I went down the steps beside the old Town Hall to visit the Cathedral of St James, Katedrala Svetog Jakova a building as old as the town itself in the sense that it was started in the fifteenth century but not completed until the mid-sixteenth century. The cathedral has been recognised by UNESCO – as a world heritage site due to some innovative features it incorporated. These include a barrelled roof and a huge cupola both constructed using interlocking slabs of stone. An unusual feature, around the outside of the apse are seventy-one stone heads that seem to just pop out of the wall. They are thought to represent acquaintances of the sculpture Juraj Dalmatinac who was involved in the decoration of the interior of the cathedral – a feast of late Medieval and early Renaissance sculptures.
A little gem in the old town is the Medieval Mediterranean Garden of the Saint Lawrence Monastery. commonly known as the Garden of Saint Lawrence. This beautiful little garden had lain forgotten for a hundred years until it was restored and opened to the public in 2007. The restoration was done by the Šibenik Private High School under the direction of Dragutin Kiš a well-known landscape architect. The garden follows an established medieval design and is very rare as it is the only one in Croatia and there are only a few others throughout this part of Europe.
Fortresses and towers are a magnet to me and my next objective was the Fortress of Saint Michael above the old town. This fortress is thought to go back to the eleventh century, the reign of King Petar Krešimir IV. But most the construction that can be seen today is thirteenth-century stonework and additions made by the Venetians who once ruled the town. Its double wall snaking down the hill towards the sea is particularly impressive. This wall would have served two purposes, defending the town from all directions and also preventing possible retreats via the port below.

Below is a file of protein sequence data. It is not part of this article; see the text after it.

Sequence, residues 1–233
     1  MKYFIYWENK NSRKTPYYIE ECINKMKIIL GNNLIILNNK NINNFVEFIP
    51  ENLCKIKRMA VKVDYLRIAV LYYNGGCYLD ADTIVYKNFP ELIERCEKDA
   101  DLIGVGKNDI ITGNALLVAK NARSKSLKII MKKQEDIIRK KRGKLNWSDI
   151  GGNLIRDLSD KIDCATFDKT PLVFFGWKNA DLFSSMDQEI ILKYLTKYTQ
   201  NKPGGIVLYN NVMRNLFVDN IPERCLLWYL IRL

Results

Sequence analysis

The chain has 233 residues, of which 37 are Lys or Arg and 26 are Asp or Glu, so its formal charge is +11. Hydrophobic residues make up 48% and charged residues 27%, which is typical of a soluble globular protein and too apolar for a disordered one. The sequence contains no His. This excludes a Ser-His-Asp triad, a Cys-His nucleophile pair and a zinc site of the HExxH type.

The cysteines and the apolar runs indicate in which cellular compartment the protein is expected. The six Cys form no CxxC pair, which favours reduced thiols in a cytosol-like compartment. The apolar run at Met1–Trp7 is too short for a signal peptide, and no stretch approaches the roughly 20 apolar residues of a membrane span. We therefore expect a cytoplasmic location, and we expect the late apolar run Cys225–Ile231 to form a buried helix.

For many years the fortress was abandoned but a huge restoration, completed in 2014 has turned it into a major festival venue hosting a variety of events featuring national and international performers. Particularly impressive is the open-air theatre on the top.
This fortress is one of three in the town. I could see another one from its ramparts. The Barone Fortress (also known as Šubićevac) stands proud on the crest of an escarpment behind the town. It was built during the seventeenth century when the Venetian and Ottoman armies were waging war throughout Dalmatia. Sibenik was on the front line. Recently this fortress has also undergone extensive renovation and has evolved into a unique tourist attraction re-creating important historical events using modern technology.
A third fortress, Saint John’s Fortress, is a short distance west of the Barone Fortress. This fortress has not yet been renovated and remains a favourite walk for the locals to enjoy the views across the city and the sea. Part of this fortress was used as a set for Game of Thrones which may entice visitors there as well. There are plans to develop this fortress in the future as the stage in Šibenik’s ongoing fortress revolution. The fourth fortress, Saint Nicholas’ Fortress, is out at sea. It was built by the Venetians at the entrance to Saint Anthony’s channel. This narrow waterway is between the bay of Šibenik and the open sea and control of this channel was vital to the defence of Sibenik and its hinterland. This very attractive complex was designed by the Italian military architect Michele Sanmicheli. As I left Šibenik on the ferry I had a good view of this fortification and could not help wondering how, or if, it could be incorporated in the current fortress revolution. Maybe it is best left as it is for walkers and cyclists to enjoy its stunning maritime position.